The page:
I have literally believed in nothing else between then and now, not even Sol Contingency.
Sorry to detract from the conversation, but I've seen you say this a few times.How come? O.o
How come I haven't believed in anything else? Or how come I am still skeptical about Sol Contingency specifically? Or how come I made an exception for DU?
I haven't believed in anything else because making a good Descent is easy to screw up, and the more people I watched try and fail, the more ways to screw it up I learned about. I don't believe in projects that look like they're going to fail in ways I already know about.
Why am I skeptical about Sol Contingency? It's in the same failure mode as Rebirth: the broad piloting community doesn't have enough influence over the project. Both projects are led by people with good intentions, people who want to make a faithful Descent as they understand the term, people who hope pilots will like what they're doing and want what they're doing to be popular with pilots . . . but who don't take feedback from pilots seriously enough to actually and frequently change direction to account for it, even on big things. And Descent is a game that can die if you don't get even small things right, so you have to be extremely
sensitive to the community. Rebirth and Sol Contingency are run by people who like pilots, but who don't see involving pilots in the design process as critical to success. They're noble attempts, but building a good Descent is too hard a target to hit for guessing at what people want to be a good enough process to get you there.
Why do I make an exception for DU?
They have three critical factors for success that have been in place on every successful Descent project.
(1) Technical design chops. They know how to build a game. They know how to balance a game. They know how to lead a community. In a nutshell, they know how to get stuff done
. This one isn't specific to a 6DoF, but if you don't have it, you wind up building freeware-quality stuff.
(2) Good intentions. They are specifically setting out to recapture the magic of D1 and maybe D2 anarchy. That's what they remember fondly. That's what they want to introduce to a new generation. What they are trying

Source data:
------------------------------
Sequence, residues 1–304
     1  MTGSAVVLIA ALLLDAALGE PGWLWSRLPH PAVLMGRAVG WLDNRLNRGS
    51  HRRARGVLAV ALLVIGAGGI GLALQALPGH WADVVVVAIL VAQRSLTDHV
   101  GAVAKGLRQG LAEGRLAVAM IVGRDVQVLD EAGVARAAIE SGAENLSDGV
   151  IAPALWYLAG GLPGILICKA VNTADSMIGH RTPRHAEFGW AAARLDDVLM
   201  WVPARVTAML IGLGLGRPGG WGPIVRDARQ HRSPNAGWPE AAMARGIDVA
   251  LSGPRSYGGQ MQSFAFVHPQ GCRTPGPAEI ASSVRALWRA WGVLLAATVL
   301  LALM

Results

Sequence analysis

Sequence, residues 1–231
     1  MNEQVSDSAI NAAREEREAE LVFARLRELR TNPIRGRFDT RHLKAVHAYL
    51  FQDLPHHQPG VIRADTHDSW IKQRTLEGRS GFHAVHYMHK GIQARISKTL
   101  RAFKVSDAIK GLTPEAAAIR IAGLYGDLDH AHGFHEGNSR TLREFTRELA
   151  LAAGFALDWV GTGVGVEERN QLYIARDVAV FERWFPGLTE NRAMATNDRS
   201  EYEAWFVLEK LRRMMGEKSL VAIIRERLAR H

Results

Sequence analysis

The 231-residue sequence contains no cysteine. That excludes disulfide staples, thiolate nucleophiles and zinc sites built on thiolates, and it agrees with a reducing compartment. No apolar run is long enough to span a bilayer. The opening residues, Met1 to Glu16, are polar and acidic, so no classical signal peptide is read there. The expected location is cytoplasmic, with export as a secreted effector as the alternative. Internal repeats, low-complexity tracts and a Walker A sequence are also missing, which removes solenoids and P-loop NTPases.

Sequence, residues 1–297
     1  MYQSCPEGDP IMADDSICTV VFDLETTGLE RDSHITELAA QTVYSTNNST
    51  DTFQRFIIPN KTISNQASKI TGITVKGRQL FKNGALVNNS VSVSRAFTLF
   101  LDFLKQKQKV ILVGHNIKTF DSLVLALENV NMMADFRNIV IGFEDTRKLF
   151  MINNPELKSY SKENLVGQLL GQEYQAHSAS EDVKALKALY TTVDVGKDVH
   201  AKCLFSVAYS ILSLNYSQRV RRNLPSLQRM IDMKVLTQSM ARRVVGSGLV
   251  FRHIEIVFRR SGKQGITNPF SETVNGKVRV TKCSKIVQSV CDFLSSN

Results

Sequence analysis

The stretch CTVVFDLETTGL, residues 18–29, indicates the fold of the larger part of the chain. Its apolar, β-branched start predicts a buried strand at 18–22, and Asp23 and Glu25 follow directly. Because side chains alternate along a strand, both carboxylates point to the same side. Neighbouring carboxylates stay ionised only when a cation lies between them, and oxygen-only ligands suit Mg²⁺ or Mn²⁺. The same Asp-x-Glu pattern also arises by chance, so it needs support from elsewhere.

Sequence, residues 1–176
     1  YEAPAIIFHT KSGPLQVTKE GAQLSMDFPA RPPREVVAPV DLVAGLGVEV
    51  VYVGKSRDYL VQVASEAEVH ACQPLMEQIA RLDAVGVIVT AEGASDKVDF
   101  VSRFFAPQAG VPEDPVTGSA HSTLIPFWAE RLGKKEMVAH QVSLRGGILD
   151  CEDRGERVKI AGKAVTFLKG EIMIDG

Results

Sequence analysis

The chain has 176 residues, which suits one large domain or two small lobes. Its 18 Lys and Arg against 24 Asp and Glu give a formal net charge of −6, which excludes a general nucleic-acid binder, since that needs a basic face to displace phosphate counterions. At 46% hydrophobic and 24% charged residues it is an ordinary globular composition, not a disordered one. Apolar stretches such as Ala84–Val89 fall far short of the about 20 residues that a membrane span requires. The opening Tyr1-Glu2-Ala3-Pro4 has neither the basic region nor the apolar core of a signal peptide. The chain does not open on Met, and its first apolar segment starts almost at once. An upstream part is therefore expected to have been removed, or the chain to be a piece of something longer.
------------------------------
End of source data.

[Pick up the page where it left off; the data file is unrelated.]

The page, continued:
to do is the same thing as what I want
to play. This would be different if they were trying
to rebuild D3, or if they were trying
to make money off an idea or if they were trying
to experiment with a novel take on 6DoF combat and be potentially revolutionary in a unique way. This project has the right goals to turn into something I want. They are not specifically looking to recreate D1 exactly
, but the thing they want to imitate, the piece they want to recreate, the magic of D1 anarchy -- that is the right goal to have. And they are making major sacrifices to be able to accomplish that goal -- e.g., insisting on maintaining control of the project and funding it through fans, so they don't have to make gameplay compromises to please a publisher.
(3) Community involvement. They seek to develop the game in concert with their community. They have pursued and treasured input from top pilots, from average pilots, from pilots of any stripe. Tom tells me the creative director was almost in tears when he discovered there was a modern Descent community that he could use to refine his game. That's how much they care about pilots. DS has changed direction to account for pilot feedback, have a historical reputation for a high degree of community-involvement in other games they've built, and have engineered pilot input into the heart of their development process. They believe, in the very core of their beings, that getting real pilots to fly this as early as possible is critical
to making the game good, and they know it's expertise they can't provide themselves.
This is the process that has been used by literally every successful (from a community standpoint) Descent project. It's the process D1x used. It's the process I use on Retro. It's the process that is lacking in well-intentioned Descent projects that fall flat. And most critically, their version of it is better
than I've seen proposed before. It's more pilots, it's a broader group, it's earlier and tighter involvement in design, with developers who care more, than I can say about any project. I don't think even I do community involvement this well, and the piloting community feels like they collectively own
Retro (which they do).
Anyway. I hope that answers your question. Given what they're proposing to do and who the DU guys are, I think there is every likelihood that they will nail
this thing. They're avoiding every failure mode I know about, so if they find a new one, it'll be something I don't know about . . . but given everything I know about Descent projects that have succeeded and failed, I don't expect this one to fail. Quite the contrary. I won't be surprised if the result of a process like this is the best Descent of the series. I won't even be that
surprised if they succeed at their goal of making Descent mainstream, since the community involvement process I described with hardcore pilots is also
the process they use with the larger never-played-Descent-before-but-believe-in-DS-to-make-something-good crowd of backers.
It's an ambitious goal, but I honestly think this could be better than D1 (as an old bear of an anarchy pilot would understand that) and that its anarchy mode could prove more popular than D1, D2, an D3's put together was. (In absolute terms. We really did only have a few thousand serious pilots, and I think this thing has a lot of potential to go beyond that.)